At every law enforcement trade show, you see cops walk by the big-ticket items like tactical vehicles and you can read their faces. Their expressions say: “This thing is great. It might save some lives. But there’s no way we can afford it.”
This fall thanks to a donation from Fredericksburg, Va.-based Patriot3 one tactical police unit somewhere in the United States will no longer wish for a tactical vehicle. It will have one.
Through the National Tactical Officers Association (NTOA) Special Product Assistance for Needed Tactical Officers Assets (SPA) grants program, Patriot3 is giving away its demo RAID (Rescue, Access, Intervention, Deployment) vehicle equipped with the Liberator ETS (Elevated Tactics System).
“We just see that there are a lot of teams out there in need of a system like this, and we wanted to help somebody in need,” says Tina Kahre, marketing director for Patriot3.
The donated RAID vehicle has been Patriot3’s demo model since 2006. “We drive it to trade shows and demonstrations, so it’s got some mileage on it,” says Patriot3 U.S. sales manager Duane Stokes. “But it’s a diesel, so the mileage really doesn’t matter that much.”
Stokes says that the brand new donated RAID vehicle would have sold for approximately $180,000. The vehicle is built on a Ford E350 chassis with a diesel engine and a Quigley 4x4 transmission. It also has upgraded tires and suspension.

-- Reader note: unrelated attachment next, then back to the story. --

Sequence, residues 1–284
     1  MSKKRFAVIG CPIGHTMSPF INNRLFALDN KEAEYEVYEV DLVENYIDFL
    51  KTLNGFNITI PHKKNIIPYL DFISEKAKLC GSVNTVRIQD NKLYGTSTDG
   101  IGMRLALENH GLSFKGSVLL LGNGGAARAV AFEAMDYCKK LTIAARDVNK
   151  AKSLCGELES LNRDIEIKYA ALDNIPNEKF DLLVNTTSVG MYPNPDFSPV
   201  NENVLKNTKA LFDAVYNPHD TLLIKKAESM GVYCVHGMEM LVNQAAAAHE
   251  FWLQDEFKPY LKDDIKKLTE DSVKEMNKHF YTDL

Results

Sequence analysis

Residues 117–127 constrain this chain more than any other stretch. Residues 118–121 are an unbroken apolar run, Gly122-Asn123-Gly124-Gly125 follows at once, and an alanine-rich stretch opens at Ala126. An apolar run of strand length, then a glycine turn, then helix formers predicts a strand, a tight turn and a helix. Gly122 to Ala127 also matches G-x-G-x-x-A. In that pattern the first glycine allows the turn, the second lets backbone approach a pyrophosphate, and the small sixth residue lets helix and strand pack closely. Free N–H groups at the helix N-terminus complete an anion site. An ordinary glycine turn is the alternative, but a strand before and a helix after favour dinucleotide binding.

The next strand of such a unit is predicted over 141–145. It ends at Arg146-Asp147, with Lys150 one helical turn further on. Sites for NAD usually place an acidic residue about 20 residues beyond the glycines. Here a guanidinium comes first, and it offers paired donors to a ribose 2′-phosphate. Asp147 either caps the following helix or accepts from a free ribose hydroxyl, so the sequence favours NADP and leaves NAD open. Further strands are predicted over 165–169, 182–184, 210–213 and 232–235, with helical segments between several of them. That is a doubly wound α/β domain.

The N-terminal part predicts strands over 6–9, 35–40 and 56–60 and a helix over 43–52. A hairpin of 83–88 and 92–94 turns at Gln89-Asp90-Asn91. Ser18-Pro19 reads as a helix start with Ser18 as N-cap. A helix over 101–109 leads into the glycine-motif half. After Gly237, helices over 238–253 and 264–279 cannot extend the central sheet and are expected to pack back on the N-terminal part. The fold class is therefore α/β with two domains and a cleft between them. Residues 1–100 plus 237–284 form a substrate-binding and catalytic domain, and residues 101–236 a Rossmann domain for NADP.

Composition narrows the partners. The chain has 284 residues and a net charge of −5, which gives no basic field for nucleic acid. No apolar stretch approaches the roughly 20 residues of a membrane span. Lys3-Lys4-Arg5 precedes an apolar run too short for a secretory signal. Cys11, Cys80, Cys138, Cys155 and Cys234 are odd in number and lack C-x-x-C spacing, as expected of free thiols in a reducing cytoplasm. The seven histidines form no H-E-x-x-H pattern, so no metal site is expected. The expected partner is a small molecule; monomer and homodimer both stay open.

RAID vehicles are not armored rescue vehicles. They are multi-purpose tactical transport systems and deployment platforms. The donated RAID seats 10 fully equipped tactical officers, and it can transport as many as 20. “You can put officers on the running boards and on top for short distances at slow speeds,” Stokes says.
Once the officers arrive in position, they can use the Liberator ETS system to deploy into third story or second story ports of entry. The running boards can also be adjusted to give officers a low, medium, or high platform for directing fire into aircraft or buses in hostage rescue operations.
Stokes says Patriot3 chose to donate the RAID vehicle through NTOA because the company had worked with the association on donations of its Minuteman ballistic shield product in the past. “We knew that NTOA had the system set up for this, and we didn’t want to have to reinvent the wheel,” he explains.
NTOA established its SPA grant program in 2003. That year, Point Blank/P.A.C.A. body armor donated tactical vests to the Danville (Va.) Police Department. More than 30 companies have since participated in the program, including Patriot3, BlackHawk, Tactical Electronics, DPMS, TRU-SPEC, Safariland, ALS Technologies, Leupold, and TASER International.
Corey Luby, marketing director for Doylestown, Pa.-based NTOA, says the Patriot3 RAID vehicle is the most valuable product ever offered in the program. He expects to receive a lot of applications for the grant. “In 2006, we received 178 applications for a $7,500 grant from SureFire. That’s the record so far.” Luby believes the RAID vehicle may result in even more response.
To apply for the grant, NTOA member agencies can go to http://www.ntoa.org/grants.html. Deadline for applications is August 21. The winner will be selected by NTOA board members and Patriot3.